National Times

by Edward Blakely

While nations came to no significant collective agreements at the Copenhagen climate conference late last year, there remains an impetus to change energy use, reduce carbon production and make better more efficient cities. We are in the post-Copenhagen era.

Despite a lack of deep support and little understanding of issues such as carbon trading, there is a strong mood to make Australian cities better and more resilient. One illustration of this is the broad acceptance of the plan in NSW for a more robust approach to transport. The Sydney Morning Herald weighed in on this issue with its own independent report.

The real agenda is to help our cities become more efficient so that we can create more and better jobs. Our national and local long-term climate change target is to position Australia's cities as model incubators for new and better jobs in sustainable technologies.

Building a new rail infrastructure for Sydney presents an opportunity that building the harbour bridge, the Snowy River scheme and the Opera House did in opening new frontiers for Australia as a modern nation with smart exports. If the world is going to use less coal, own fewer cars and use less water, someone has to create new industries to build the urban forms and systems or to or re-create systems.

Australians have profited from the high energy-using global economy. It is our mineral wealth that is driving the rapid Chinese city growth. It is our raw materials exports that are allowing the expansion of manufacturing in India and much of the Asia-Pacific. Cutting energy consumption in the short term doesn't benefit Australia since we export coal. We have to see this new thrust in sustainable and resilient living as a challenge and opportunity, not as a loss.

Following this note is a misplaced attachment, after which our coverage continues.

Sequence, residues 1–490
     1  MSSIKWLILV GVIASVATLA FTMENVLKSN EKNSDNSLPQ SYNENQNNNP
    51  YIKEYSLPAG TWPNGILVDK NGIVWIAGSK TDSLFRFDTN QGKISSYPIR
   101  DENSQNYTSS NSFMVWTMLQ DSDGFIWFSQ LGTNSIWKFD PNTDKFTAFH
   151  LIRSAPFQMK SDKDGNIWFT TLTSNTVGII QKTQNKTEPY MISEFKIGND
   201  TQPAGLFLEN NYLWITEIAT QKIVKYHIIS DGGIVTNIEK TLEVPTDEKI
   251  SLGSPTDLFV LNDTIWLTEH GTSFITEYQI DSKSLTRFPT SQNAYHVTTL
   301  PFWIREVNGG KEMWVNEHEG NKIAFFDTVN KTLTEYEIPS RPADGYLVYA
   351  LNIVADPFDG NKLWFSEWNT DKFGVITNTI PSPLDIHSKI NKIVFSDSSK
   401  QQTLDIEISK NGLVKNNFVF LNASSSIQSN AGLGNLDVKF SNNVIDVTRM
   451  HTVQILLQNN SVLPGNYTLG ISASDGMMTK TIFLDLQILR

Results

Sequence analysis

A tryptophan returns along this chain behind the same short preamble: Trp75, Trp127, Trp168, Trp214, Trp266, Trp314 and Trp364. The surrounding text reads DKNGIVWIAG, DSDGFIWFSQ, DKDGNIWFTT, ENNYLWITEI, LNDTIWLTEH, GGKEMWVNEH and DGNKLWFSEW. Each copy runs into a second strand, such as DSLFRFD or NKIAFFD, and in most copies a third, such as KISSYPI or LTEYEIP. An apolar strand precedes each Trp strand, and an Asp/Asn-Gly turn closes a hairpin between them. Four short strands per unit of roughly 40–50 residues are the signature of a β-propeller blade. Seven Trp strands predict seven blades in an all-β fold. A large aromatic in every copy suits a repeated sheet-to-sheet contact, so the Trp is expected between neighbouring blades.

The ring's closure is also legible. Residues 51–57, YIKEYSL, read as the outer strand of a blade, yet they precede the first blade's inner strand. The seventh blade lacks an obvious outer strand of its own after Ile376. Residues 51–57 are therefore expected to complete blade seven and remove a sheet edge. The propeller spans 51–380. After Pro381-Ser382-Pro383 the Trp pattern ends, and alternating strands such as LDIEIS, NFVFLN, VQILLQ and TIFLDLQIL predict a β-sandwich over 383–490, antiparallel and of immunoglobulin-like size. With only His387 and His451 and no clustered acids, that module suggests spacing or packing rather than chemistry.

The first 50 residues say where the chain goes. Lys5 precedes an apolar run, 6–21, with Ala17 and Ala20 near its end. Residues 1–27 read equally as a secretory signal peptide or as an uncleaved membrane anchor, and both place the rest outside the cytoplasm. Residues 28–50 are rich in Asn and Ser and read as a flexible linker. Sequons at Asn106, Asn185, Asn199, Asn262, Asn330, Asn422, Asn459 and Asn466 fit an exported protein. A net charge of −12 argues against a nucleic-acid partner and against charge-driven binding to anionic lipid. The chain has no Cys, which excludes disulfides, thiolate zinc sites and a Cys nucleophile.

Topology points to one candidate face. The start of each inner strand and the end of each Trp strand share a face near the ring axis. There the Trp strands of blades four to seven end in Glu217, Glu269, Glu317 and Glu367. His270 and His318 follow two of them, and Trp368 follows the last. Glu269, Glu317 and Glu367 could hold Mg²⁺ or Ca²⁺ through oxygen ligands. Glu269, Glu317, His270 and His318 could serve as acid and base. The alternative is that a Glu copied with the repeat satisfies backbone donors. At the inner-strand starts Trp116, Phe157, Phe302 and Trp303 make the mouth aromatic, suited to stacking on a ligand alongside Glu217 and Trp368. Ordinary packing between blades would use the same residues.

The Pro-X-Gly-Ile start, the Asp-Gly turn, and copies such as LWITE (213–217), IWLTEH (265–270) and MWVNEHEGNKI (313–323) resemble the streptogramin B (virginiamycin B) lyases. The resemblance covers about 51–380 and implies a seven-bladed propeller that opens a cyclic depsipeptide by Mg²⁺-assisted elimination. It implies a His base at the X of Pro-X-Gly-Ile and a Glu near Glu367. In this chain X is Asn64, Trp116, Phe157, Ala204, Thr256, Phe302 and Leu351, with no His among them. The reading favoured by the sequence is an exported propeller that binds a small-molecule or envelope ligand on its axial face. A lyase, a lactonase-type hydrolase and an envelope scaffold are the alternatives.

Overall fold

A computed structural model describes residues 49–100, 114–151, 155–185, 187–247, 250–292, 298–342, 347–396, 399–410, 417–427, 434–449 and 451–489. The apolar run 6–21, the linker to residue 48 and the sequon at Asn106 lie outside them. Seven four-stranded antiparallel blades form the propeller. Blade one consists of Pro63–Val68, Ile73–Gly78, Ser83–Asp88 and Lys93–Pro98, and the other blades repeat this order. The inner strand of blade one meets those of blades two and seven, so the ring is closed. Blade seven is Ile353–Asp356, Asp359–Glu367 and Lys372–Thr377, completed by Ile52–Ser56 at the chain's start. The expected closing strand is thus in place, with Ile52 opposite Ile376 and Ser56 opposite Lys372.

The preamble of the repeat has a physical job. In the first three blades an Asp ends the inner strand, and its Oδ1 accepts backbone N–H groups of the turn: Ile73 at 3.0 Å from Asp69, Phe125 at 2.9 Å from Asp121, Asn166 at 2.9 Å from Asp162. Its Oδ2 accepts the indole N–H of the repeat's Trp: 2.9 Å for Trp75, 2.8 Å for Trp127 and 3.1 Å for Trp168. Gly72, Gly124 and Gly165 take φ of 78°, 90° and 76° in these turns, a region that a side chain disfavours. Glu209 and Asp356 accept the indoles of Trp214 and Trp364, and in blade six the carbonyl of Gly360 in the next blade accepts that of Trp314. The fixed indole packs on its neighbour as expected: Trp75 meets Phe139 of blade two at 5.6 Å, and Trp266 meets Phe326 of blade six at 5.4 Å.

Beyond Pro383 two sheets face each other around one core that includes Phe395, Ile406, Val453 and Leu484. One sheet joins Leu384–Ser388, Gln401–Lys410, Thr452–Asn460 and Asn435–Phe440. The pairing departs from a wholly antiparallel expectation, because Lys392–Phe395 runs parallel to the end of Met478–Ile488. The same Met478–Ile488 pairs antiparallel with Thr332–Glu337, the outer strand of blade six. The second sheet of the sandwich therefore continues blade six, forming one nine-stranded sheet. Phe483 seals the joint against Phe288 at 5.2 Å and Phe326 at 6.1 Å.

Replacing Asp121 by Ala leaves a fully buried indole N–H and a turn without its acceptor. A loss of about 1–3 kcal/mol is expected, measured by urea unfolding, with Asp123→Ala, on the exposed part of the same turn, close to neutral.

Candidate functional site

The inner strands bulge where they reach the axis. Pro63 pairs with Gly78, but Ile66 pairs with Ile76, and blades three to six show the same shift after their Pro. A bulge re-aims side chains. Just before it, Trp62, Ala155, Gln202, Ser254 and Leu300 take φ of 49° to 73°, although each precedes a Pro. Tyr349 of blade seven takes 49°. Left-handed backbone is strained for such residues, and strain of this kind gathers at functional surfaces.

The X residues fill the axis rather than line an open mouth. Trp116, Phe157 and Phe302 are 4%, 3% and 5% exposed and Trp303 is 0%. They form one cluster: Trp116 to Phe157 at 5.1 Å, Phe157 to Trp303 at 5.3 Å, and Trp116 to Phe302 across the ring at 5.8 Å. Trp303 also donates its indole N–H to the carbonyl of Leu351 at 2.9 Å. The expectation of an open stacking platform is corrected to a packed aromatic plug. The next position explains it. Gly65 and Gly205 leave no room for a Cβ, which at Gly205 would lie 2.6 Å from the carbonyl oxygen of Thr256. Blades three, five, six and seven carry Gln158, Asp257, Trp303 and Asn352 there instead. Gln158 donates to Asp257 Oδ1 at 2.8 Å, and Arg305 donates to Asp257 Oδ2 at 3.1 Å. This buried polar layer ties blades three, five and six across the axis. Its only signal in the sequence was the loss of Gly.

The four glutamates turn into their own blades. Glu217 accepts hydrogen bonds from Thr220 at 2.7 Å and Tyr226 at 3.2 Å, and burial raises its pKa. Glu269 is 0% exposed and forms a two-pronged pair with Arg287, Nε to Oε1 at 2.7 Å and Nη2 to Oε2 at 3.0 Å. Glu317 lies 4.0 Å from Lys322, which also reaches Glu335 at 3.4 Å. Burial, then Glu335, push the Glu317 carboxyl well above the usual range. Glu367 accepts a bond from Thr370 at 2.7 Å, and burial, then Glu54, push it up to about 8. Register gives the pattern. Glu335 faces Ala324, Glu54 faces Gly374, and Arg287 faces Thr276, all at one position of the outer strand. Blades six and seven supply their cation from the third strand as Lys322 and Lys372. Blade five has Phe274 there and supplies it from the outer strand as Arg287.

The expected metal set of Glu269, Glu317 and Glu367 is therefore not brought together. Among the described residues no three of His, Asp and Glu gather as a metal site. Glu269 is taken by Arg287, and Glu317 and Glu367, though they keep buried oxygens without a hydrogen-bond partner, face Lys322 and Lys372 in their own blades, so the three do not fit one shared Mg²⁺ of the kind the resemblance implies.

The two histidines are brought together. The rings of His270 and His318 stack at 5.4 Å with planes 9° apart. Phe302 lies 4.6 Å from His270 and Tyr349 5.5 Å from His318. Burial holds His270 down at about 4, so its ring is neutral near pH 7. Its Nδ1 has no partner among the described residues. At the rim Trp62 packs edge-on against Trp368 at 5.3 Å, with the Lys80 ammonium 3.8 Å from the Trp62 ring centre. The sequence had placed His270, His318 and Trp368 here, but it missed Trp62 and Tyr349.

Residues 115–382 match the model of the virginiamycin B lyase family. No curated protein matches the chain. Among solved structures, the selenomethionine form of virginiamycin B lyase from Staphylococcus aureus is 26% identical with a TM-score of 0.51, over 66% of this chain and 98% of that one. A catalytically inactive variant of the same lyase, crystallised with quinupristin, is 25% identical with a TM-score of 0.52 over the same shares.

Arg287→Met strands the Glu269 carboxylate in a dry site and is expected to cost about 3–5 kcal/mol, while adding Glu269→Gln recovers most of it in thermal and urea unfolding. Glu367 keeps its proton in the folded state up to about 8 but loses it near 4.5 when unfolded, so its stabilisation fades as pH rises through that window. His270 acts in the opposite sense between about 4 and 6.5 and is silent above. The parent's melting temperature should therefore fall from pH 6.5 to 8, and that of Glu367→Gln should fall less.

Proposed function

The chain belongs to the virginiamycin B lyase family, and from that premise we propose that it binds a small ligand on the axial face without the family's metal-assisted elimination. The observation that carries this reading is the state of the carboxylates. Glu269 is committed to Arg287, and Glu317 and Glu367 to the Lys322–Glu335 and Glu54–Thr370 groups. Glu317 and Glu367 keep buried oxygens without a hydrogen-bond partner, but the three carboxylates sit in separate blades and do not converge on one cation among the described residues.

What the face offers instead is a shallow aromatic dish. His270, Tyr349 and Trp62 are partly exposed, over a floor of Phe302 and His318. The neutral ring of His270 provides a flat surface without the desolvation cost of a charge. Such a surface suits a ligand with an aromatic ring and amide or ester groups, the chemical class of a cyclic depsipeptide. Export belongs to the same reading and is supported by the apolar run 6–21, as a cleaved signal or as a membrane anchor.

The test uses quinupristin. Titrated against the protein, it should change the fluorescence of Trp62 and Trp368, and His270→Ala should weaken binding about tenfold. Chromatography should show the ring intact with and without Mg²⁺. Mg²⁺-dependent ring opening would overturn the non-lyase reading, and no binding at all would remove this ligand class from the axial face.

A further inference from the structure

Australia can create new jobs with a new focus of exporting material and technologies that build climate-change resilient and sustainable cities. Some of our minerals can be transformed, with smart engineering, into better building products for city building.

Since our cities are already increasingly knowledge-based, they must be competitive places for people to come and build their ideas into global, sustainable and economically competitive products and services.

Prime Minister Kevin Rudd wrotein the Sydney Morning Herald, "We need world class infrastructure to move Australia to a more diverse, competitive and sustainable economic and environmental benefits in the long term".

He is right. To reach this goal we must have great cities housing innovative knowledge-producing environmental and design industries. Although the nation's export wealth flows through the cities, its real enduring future is in the human resources stock in the cities.